Rahim, played winningly by Omar Maskati, is a "Star Wars" fan who loves his collectibles and suffers crises of conviction about being a suicide bomber, while his American friend expresses his own problems with the U.S. and Wall Street in particular. All but one scene takes place in an apartment in Brooklyn, where the plotters make their plans and try to avoid contact with neighbors.
A post-show discussion with the cast revealed that Mr. Kern was inspired to write about lone-wolf terrorists such as the failed underwear and shoe bombers and the Time Square car bomber -- people living among us, not in a compound a world away. Mr. Kern's program essay discusses "the privatization of jihad," a provocative subject that here is rendered with jokes and jolts. Interpretations of Mr. Kern's treatment appeared to be polarizing, just as you'd expect when the subject is "Modern Terrorism."
• "Scott and Hem in the Garden of Allah" written and directed by Mark St. Germain (Marinoff Theater). The writer of "Freud's Last Session" offered the most accessible of the plays on the CATF slate, a visit by Ernest Hemingway to F. Scott Fitzgerald, based on their letters to each other and "conflicting reports" that they met in 1936 while Fitzgerald was in Hollywood. Hemingway was at the height of his success, while down-on-his-luck Fitzgerald was trying to make it as a screenwriter and fretting about his institutionalized wife, Zelda.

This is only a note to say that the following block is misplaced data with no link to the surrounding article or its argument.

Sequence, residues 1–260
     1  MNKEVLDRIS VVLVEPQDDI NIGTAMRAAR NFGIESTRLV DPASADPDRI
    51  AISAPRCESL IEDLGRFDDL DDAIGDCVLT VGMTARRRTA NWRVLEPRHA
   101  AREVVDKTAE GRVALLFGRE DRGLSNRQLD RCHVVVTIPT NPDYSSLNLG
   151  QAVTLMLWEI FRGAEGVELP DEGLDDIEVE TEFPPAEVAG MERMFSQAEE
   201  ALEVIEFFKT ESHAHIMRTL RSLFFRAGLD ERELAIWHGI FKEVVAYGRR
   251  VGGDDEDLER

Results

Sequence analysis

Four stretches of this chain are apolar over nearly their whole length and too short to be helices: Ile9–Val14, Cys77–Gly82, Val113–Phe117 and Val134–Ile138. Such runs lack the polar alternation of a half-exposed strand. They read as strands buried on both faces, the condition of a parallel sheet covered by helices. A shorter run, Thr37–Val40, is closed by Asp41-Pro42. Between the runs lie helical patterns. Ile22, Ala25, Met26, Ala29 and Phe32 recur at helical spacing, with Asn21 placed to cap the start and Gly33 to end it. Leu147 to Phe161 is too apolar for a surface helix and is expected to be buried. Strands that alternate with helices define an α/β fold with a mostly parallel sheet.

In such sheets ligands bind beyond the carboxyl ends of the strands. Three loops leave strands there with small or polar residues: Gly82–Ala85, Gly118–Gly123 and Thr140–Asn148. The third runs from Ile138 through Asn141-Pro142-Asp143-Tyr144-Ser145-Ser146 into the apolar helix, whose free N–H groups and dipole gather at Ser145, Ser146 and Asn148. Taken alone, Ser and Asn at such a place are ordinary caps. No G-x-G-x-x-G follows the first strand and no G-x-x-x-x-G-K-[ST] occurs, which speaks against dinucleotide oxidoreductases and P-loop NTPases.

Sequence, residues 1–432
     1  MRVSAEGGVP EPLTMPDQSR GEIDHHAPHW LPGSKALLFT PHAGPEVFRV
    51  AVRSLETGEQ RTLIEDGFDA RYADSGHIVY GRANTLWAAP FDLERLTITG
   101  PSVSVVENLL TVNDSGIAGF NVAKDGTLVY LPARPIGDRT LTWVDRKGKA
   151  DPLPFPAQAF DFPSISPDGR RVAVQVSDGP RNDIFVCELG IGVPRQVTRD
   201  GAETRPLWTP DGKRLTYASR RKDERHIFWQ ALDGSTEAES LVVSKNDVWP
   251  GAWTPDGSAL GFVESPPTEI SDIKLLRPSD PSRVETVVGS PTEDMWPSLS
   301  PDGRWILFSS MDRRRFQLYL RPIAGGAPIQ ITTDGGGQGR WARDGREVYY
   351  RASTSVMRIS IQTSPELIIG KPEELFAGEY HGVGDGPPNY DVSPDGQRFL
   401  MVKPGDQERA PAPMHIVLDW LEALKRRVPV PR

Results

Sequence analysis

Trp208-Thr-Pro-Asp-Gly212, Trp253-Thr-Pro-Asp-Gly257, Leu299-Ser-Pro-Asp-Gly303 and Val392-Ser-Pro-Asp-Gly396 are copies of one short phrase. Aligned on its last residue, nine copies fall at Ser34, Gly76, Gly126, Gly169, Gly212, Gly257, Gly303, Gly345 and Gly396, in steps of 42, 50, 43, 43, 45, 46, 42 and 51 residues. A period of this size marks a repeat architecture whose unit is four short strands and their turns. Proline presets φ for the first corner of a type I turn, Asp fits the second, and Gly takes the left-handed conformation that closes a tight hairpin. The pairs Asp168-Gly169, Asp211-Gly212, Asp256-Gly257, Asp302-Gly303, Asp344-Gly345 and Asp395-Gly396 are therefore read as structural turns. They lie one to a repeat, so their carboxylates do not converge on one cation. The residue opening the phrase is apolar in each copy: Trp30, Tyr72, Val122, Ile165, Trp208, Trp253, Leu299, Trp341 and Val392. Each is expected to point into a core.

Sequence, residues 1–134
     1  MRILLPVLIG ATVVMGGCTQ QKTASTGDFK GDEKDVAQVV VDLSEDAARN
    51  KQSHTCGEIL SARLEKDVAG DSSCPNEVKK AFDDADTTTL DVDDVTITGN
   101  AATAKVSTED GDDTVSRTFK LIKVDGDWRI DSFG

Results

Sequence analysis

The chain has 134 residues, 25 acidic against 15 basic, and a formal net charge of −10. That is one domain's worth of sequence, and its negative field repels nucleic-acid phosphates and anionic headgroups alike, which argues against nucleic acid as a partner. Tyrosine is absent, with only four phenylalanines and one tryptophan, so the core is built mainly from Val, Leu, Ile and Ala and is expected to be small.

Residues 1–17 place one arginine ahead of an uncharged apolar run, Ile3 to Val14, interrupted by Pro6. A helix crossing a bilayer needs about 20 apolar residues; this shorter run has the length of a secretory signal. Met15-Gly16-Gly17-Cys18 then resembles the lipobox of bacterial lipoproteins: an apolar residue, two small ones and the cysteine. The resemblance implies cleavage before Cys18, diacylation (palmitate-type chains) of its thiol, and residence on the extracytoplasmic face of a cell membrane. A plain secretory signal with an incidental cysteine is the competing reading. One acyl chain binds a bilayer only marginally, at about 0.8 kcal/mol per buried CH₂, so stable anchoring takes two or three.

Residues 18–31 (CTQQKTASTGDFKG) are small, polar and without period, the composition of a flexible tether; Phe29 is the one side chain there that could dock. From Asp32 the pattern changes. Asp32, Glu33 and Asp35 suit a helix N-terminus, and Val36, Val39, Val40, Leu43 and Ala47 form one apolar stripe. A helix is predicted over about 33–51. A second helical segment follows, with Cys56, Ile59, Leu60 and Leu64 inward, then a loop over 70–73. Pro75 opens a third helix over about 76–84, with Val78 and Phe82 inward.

Rod Brogan as Hem and Joey Collins as Scott fit the mold of what we think of the two writers, one robust and bullish; the other more comfortable delivering a punchline than a punch. Hemingway bursts into the quarters where Fitzgerald is working with a secretary for "Mr. Mayer" to finish a script and trying to quit drinking. The men enter into a roller-coaster night of "to drink or not to drink?" (mostly, Hem drinks -- a lot) and hurled accusations, with tough-as-nails Miss Montaigne (Angela Pierce) trying to get Scott back to work.
"Scott and Hem" doesn't break new ground but it's fun to feel like a fly on the wall observing two of 20th-century America's greatest novelists. The leads are among the actors who perform here in rep; both also appear in the next play on the list. She has a scene at the end that gives the play surprising depth.
• "A Discourse on the Wonders of the Invisible World" by Liz Duffy Adams, directed by Kent Nicholson (Frank Center Stage). The play reintroduces Abigail Williams years after the Salem witch trials, on the day she has stopped in her wanderings to visit fellow finger-pointer Mercy Lewis. Abigail is attempting to make sense of her role in the deaths of the accused witches but instead, she finds herself accused and prosecuted by Mercy, her servant Rebekkah and two witless visitors, one a shady reverend. Into the scene walks a stranger, John Fox, who resembles the assemblages' idea of the devil, and he, too, stands accused of evil intent.
The play has drawn-out scenes -- Rebekkah interpreting a performance of "Macbeth," the ridiculous trial and a prolonged night on the roof for Abigail and Fox -- that hopefully will be condensed as the play is further developed. Whatever its merits, I couldn't get past comparisons to City's "Abigail/1702" and this current fascination with the redemption of Abigail Williams.